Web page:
Another Analog v. Digital Thread? Not Really

I’ll try to keep this as short as possible. The premise is this: If the highest compliment that can be given to digital is that it sounds analog, why bother with digital? I would never have posted this question, but the other week something happened. After owning my Oppo 205 for about a year and a half, I decided to sell it given the fact I wasn’t that crazy about it and the selling prices were quite good, although I posted mine for significantly less than many others are asking. BTW - In the last month I owned the Oppo, I found it tremendously improved by placing a Vibrapod 3 under each foot.

So a nice young man comes by for an audition and he likes the Oppo very much and purchases it. He is into 4k and all that stuff, but also wants some better audio quality. So that’s that.

Before he leaves, he asks to hear a vinyl record played on my Basis turntable. It’s a nice table - 2001 with Vector arm and Transfiguration Orpheus. I would rate it as the low end of the high end. Well the guy’s jaw just dropped. After sitting for an hour listening to the Oppo, he says that everything is so much more "alive" was the word he used and he couldn’t get his mind around the fact that he was listening to the exact same system with everything the same except the source.

I was considering replacing the Oppo with something like a Cambridge transport and Orchid dac because I have to play my CDs, right? But then I starting thinking why I had to play CDs anymore at all. It’s not so crazy when you think about it. Many of us gave up vinyl when CDs started getting decent, so what’s so strange about going back in the other direction?

So I asked myself - if analog is so much better, why would I even bother listening to CDs anymore?
Convenience? Well, sure, but I don’t really consider putting on a record very inconvenient, so that’s not really it.
Many titles on CD that are not on vinyl? I think that argument may be largely dissipated nowdays. It seems that virtually anything I would remotely want to listen to is available on vinyl, either new or used. You have thousands of CDs? OK, but if they don’t sound as good as a record, why would you want to listen to them just because you have them. I know it seems like a waste, but it happens sometimes.

Let me just finish with this, so there’s no confusion. If you have some insane high-end digital rig that you believe outdoes analog, this is not directed to you. But, for anyone who believes the best compliment you can give to digital is that it sounds analog, why bother? Also, to you streamers out there, the freedom from having a large quantity of physical media in your home is definitely a good argument. We all collect too much stuff and it’s nice to get rid of some.

Hopefully, this will be taken in the spirit it’s given, but I doubt it.
Merry Christmas, really.
Regarding your statement that most music is now available on vinyl, either new or used.  Here is what I have encountered when buying reissues.  The mastering source of many reissues is from a digital copy of the master analog tapes, which is like listening to a CD on Vinyl, right?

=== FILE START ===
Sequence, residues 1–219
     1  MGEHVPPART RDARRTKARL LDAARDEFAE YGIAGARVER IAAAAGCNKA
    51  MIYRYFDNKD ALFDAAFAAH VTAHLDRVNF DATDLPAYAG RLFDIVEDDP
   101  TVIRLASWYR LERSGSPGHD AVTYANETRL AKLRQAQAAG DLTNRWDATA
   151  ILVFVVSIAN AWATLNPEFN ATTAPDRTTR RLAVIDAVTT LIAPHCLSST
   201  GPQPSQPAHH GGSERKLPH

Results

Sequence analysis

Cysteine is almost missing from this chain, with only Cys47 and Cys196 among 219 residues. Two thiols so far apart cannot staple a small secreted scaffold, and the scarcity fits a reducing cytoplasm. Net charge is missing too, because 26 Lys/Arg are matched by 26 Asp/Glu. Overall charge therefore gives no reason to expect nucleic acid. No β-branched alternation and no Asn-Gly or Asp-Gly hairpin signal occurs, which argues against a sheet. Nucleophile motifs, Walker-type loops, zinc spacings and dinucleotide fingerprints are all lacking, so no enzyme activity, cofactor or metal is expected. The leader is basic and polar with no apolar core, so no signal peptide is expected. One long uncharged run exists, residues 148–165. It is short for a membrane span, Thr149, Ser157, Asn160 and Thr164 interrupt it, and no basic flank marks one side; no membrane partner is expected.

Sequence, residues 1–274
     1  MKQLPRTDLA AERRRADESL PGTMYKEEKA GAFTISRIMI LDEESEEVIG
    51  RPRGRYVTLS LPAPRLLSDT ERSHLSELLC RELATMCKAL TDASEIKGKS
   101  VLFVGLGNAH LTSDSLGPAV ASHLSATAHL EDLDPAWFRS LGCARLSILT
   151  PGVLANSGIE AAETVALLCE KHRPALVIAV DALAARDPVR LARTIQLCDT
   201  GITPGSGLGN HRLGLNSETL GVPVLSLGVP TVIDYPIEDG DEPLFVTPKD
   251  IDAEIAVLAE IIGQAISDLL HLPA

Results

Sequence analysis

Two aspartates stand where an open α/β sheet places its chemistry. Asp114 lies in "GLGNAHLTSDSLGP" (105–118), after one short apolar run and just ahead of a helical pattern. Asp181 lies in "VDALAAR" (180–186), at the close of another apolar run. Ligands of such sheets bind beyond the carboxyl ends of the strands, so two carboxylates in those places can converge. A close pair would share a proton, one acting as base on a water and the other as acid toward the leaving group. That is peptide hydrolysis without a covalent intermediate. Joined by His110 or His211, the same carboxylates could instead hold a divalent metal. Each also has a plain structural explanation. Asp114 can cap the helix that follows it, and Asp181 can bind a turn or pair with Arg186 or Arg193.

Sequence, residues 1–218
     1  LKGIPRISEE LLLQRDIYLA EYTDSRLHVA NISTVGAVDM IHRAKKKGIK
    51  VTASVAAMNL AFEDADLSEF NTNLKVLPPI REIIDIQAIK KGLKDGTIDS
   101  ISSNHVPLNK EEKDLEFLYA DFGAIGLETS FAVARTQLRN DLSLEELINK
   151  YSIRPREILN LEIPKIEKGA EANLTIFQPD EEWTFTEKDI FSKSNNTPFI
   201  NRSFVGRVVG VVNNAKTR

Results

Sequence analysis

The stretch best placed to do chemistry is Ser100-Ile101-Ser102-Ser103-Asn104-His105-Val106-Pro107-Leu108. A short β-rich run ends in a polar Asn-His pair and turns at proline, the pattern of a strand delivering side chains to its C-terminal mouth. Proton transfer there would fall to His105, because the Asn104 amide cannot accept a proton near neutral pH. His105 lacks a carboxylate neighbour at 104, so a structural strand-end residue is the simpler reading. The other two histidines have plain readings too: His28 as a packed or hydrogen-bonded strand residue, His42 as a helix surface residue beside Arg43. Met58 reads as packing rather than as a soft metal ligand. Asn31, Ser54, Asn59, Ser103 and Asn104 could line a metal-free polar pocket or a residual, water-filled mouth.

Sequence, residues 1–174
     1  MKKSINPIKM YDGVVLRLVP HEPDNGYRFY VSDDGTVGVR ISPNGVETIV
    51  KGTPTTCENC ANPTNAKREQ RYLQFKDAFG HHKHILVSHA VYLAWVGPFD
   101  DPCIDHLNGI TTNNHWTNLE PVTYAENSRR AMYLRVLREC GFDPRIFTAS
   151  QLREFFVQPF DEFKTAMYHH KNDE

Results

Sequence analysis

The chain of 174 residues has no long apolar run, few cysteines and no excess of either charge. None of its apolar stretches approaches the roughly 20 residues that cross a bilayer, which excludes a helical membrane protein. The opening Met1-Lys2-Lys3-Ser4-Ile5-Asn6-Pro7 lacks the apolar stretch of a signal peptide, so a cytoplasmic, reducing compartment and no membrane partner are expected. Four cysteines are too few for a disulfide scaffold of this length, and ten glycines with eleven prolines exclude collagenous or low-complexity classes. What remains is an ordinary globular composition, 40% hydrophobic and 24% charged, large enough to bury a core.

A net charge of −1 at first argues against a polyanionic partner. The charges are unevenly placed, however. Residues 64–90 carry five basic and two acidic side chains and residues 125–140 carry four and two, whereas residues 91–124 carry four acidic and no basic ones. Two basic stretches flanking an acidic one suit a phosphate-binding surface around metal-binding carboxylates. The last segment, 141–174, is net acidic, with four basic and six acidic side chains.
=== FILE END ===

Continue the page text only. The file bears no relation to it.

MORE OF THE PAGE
@cleeds , in a hobby filled only with absolutes be glad you didn't get a POOMA value of 100%.
I believe this is related.  Sugar Cube...does it take away that "vinyl" sound.  Reviews say it is very minimal to inaudible.  Thoughts?

Here is what my high end audio dealer advised me back in May of 2019:

The idea behind the Suga Cube is enticing - making great sounding vinyl to digital transfers simple. To me, the most important aspect of that is the ability of the unit to accurately populate metadata, and they still in Beta for that part. I will say that the sound quality of the transfers is outstanding. The de-click function seems to be very good as well. As this point I'd say that some computer-fluency is important, so the idea of realizing the process truly simple isn't quite there.

Ignorance of a technology throws away 100% of the right answers.

Digital, sampling at fixed intervals, throws away 90% of the timing information. It always sounds completely unlike anything in nature!.

Same master recording, does not mean the same thing was cut to vinyl and CD. They have barely produced CD's since the 90's, only SACD and Vinyl.

For over twenty years, Mobile Fidelity Sound Lab has continually searched for the ultimate audio experience. During this search MFSL engineers and associates created The GAIN™ System, a proprietary mastering technology which brought warmth and ambience to the compact disc format.

millercarbon2,233 posts12-17-2019 11:13amYes, that perfectly explains why I play the Mobile Fidelity CD and LP both made from the exact same master by the exact same Mobile Fidelity and everyone hears and no one can believe how much better the record sounds. Because the digital source material is poor. Even though its not digital. Nor poor. Nor even different. Right. Got it.